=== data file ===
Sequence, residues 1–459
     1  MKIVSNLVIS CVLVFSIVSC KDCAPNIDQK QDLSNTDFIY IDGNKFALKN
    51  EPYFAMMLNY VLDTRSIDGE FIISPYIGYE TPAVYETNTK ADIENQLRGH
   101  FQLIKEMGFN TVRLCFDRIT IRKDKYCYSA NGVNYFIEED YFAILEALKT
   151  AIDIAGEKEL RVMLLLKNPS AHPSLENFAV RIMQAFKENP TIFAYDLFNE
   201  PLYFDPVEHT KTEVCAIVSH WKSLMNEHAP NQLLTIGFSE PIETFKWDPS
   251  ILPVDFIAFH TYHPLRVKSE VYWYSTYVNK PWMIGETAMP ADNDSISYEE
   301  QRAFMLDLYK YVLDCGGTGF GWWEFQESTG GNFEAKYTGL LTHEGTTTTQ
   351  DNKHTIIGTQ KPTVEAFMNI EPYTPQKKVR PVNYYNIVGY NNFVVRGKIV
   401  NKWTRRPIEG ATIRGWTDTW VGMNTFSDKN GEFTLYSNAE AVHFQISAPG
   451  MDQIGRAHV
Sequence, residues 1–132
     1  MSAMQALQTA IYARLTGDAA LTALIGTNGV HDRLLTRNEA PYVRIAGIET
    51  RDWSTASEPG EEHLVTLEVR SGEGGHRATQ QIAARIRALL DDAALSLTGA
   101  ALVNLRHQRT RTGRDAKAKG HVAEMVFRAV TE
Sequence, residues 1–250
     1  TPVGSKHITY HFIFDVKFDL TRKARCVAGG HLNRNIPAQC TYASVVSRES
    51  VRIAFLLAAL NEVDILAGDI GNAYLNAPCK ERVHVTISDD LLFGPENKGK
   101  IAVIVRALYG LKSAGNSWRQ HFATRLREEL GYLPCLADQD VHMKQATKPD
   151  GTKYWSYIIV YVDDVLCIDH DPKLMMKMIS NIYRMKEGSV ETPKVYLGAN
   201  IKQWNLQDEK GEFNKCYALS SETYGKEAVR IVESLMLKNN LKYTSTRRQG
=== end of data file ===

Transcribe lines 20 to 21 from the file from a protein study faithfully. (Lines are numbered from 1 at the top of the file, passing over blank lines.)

   151  GTKYWSYIIV YVDDVLCIDH DPKLMMKMIS NIYRMKEGSV ETPKVYLGAN
   201  IKQWNLQDEK GEFNKCYALS SETYGKEAVR IVESLMLKNN LKYTSTRRQG